US vulture funds focus on French real estate

Copyright: David Lawson 1996

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When American vulture funds move, markets tremble. They are big - very big. Billions of dollars changed hands as the US climbed out of recession and banks sold bad loans. Europe has been waiting for  the same treatment.  But the 'tidal wave' of money forecast by some commentators looms not over the UK, normally the focus  for overseas investors. France is  the focus of attention, with three massive deals worth a total of more than Fr4.8bn (617m pounds) already done and a single loan book three time this size now on the market.

 Even this is just a small taste of what could come. More than Fr100bn (12.8bn pounds) worth of property could change hands in the next few years, says Christopher de Taurines of La Salle, one of North America's largest fund advisers. His firm started the ball rolling late last year, teaming with Lehman Brothers and Cargill Corporations to buy Fr870m worth of loans from Barclays Bank. Goldman Sachs Whitehall Fund has done  two deals since then, taking Fr745m of debt and property from Creditsuez and Fr3.2bn from UAP, the state-controlled insurance fund.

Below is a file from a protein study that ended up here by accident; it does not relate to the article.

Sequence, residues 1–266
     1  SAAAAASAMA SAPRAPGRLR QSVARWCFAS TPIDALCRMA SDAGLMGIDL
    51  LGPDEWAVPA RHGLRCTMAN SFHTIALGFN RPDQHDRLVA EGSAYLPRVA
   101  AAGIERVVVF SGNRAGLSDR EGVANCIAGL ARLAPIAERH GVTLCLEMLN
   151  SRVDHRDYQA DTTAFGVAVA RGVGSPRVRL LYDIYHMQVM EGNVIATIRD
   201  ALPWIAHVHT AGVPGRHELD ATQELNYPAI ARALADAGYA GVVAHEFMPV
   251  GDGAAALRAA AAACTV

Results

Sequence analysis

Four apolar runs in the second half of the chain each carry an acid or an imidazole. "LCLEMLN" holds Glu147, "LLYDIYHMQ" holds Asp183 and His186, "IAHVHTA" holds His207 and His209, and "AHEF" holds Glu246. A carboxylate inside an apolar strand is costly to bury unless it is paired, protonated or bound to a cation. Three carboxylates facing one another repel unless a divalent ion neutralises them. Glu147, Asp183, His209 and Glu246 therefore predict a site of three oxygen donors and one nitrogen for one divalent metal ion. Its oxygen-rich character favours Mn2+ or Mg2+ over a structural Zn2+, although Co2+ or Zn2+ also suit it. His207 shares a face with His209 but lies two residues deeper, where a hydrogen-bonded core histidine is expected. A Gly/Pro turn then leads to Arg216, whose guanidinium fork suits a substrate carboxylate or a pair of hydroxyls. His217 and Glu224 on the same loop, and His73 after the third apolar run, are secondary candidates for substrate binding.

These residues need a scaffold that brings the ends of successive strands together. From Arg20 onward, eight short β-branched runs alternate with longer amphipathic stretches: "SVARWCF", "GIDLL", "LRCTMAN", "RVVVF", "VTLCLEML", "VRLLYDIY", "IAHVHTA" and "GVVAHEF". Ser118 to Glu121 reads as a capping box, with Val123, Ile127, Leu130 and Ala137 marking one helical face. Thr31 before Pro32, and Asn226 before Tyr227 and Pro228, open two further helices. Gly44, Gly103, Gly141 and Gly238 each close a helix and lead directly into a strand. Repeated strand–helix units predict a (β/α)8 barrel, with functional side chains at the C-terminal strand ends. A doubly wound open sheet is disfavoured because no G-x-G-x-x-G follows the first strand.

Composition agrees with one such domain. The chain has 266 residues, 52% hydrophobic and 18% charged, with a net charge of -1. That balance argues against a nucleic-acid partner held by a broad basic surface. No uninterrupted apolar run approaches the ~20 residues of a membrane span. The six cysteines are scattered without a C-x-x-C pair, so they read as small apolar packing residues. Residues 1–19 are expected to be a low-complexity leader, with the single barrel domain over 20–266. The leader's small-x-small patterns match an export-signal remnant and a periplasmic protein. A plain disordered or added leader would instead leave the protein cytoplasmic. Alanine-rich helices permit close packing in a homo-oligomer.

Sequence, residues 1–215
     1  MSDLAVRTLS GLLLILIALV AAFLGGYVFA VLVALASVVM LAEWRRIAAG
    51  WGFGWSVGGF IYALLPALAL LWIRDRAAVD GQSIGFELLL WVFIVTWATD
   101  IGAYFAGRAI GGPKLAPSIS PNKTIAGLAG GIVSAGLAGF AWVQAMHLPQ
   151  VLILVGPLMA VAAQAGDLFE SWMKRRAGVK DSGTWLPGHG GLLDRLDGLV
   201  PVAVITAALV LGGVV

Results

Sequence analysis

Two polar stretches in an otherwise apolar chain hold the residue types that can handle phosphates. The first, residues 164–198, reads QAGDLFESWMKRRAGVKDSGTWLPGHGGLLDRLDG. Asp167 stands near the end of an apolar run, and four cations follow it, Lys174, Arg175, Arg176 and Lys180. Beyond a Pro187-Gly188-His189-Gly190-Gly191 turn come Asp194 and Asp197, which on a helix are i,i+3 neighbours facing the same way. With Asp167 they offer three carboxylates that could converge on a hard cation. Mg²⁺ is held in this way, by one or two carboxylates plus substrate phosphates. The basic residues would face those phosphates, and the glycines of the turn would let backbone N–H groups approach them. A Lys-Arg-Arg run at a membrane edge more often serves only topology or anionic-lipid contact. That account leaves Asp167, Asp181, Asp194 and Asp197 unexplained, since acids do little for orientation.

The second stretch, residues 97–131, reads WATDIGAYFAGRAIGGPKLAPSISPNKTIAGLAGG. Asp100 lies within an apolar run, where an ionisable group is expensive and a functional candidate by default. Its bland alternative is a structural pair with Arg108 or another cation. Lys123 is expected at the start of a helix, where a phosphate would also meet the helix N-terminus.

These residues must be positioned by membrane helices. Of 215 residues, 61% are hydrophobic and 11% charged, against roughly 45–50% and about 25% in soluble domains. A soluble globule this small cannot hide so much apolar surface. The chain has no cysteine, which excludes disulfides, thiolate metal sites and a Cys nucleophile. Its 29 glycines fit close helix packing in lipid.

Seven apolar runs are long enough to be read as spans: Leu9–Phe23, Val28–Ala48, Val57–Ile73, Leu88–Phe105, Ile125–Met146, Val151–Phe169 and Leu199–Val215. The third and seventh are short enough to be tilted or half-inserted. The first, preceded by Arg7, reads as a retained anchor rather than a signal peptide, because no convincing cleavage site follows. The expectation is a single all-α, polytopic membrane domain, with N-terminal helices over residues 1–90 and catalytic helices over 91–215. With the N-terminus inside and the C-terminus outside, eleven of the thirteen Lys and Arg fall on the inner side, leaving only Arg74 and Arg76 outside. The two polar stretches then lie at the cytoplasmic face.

These figures exaggerate the amount changing hands, as portfolios are being bought at discounts as hefty as 50%. But that is the secret of the emerging market. Most of this property is  considered as rubbish by conventional funds. It is scattered, mainly secondary stuff, in shops, offices and housing away from city centres - a legacy of the boom years, when French banks went even more crazy than the British in backing developers and small investors.

  'That is why you will not see UK and German funds involved,' says de Taurines. But it is meat and drink to vulture funds willing to take high risks for big returns. They demand big discounts to book value and an internal rate of return of more than 20% over three to five years. It is also why they have made no impact on the UK. Banks here took their lumps on bad debts through writedowns. 'The French kept hoping for an upswing which would cover their mistakes,' says Barry Attarzadeh, French specialist for Chesterton. But it did not happen and they are now under huge pressure to sell. 'This is not sudden,' he says. 'Talks have been going on for two years. The US funds  have a lot of money and nowhere to put it, so they are willing to persevere.'